Etched on Alex Buehlow’s chest in permanent ink is a constant reminder.
The winged tattoo is four words long - ‘protect what matters most’ - prompting him to never forget his passion for swimming.
“I love to swim, so I’ll never stop,” Buehlow, 18, said of his tattoo. “Eventually I’ll have to stop competitively, but I’ll never stop swimming.”
Buehlow, a Special Olympian gold medalist, has taken that love to a new level as he’ll look to swim 52-kilometres across Lake Ontario Aug. 12 starting in Niagara-on-the-Lake and finishing in Marilyn Bell Park in Toronto.
His crossing is two fold.
The first is to become the youngest male swimmer to complete the swim and break the record of 13 hours and 49 minutes. The second is to raise $100,000 for the Three To Be foundation that helps support the research of neurological disorders in children.
“Both my sister and I have autism, so I wanted to do something for what I have,” Buehlow said after finishing a close to three hour swim at Deer Creek Conservation Area. “They’re trying to help research for something that both my sister and I and others have. It feels good because you’re helping to make some type of a difference.”
In anticipation of the swim, Buehlow, who started swimming at seven and swims with the Wilmot Aquatic ACES, began a training schedule mid-March that has him practice about 10 to 15 hours a week six to seven days a week, not including the two hours a day spent on the road getting to practices.
For Buehlow to break the record he’ll have to maintain a pace of 97 seconds per one hundred metres and although he’ll be alone in the water, he’ll have support nearby with pacers, coaches, navigators, paramedics and friends in kayaks, sailboats and zodiacs, he said.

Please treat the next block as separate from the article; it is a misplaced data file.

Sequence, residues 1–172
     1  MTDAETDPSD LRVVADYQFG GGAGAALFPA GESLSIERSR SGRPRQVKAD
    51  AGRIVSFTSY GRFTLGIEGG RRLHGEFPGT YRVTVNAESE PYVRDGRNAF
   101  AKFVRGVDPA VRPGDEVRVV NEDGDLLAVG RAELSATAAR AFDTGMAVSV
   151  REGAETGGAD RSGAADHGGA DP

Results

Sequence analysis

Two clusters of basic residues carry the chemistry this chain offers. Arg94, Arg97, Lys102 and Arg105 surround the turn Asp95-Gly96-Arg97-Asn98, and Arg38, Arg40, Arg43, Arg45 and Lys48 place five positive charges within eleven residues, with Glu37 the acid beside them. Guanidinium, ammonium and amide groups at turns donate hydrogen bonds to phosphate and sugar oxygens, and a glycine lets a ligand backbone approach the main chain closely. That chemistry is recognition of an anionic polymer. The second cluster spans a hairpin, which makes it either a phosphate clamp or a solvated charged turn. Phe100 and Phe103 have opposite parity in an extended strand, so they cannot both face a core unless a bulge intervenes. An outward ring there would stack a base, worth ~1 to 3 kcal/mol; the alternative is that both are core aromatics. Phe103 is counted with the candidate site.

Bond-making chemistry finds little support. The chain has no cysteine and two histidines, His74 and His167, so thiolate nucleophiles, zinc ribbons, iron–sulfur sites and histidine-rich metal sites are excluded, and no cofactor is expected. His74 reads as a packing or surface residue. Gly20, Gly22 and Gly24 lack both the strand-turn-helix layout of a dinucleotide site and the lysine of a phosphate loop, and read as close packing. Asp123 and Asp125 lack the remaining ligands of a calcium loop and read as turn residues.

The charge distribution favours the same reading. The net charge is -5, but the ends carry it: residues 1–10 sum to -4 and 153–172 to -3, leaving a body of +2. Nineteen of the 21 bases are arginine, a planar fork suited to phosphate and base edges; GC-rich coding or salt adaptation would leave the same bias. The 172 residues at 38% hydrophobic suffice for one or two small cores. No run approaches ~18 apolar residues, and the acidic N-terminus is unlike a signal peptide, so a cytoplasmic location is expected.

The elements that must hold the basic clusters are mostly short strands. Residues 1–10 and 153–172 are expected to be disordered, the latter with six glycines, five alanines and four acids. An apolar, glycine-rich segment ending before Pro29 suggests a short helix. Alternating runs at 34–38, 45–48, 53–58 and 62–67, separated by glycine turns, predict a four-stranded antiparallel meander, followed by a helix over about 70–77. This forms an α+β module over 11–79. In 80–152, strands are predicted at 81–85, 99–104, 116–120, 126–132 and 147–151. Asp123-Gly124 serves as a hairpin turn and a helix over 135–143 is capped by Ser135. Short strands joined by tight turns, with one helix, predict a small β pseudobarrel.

The daunting swim will have him take brief 30 second breaks every 15 minutes, which will see him drink protein shakes, gatorade and water to endure the journey as he aims to join the ranks of 58 other swimmers who have successfully made the swim.
The furthest Buehlow has swam is 16 km July 13, well short of the 52 km he’ll aim for Aug. 12, but coach Joni Maerten-Sanders said she’s confident of his abilities.
“Physically, he’s set to go. He can swim forever,” she said as Buehlow finished his swim with the sun beaming down on Deer Creek. “It’s tough mentally, but we were in Florida over March break and he swam over 90,000 metres in a week.”
When Buehlow jumps in the water shortly before he begins at 4 a.m. Aug. 12 he’ll hope for scorching heat in the high 30s to keep the lake warm. Fingers will also be crossed for favourable currents as he’ll have to zig-zag at certain points to avoid battling the rocky waves Lake Ontario can offer.
“The problem with the lake is that the current changes in different places,” Maerten-Sanders, who also coached Samantha Whiteside when she made the crossing in 2006 and Jaime Doucet and Sarah Sine when they finished a tandem swim in 2009, said.
“The first 25 km is fast, a lot more than the last 25 km. In his trial swim we went out to Lake Ontario from Oakville and went back into the current and it looked like they weren’t moving, even the pacers had problems,” she added. “It’s a straight line from point A to B, but you have to find the spots.”
Lake Ontario may offer harsh conditions, but Buehlow’s not without his own accomplishments having won a gold and two silver medals at the 2010 Special Olympic Games in Athens, Greece and earning five medals for Team Ontario in the 2009 Canada Games.
“I have a little bit of an understanding of how it’ll be,” the Waterloo-Oxford District Secondary School graduate who will attend Conestoga College next year for Technology Foundations, said. “I never thought about doing this. It was something that only came up. As long as I keep the steady pace I should be fine.”
For more information, donating or to follow the swim, visit the Facebook group www.facebook.com/WavesOfHopeLakeOntarioCrossing or www.threetobe.org/wavesofhope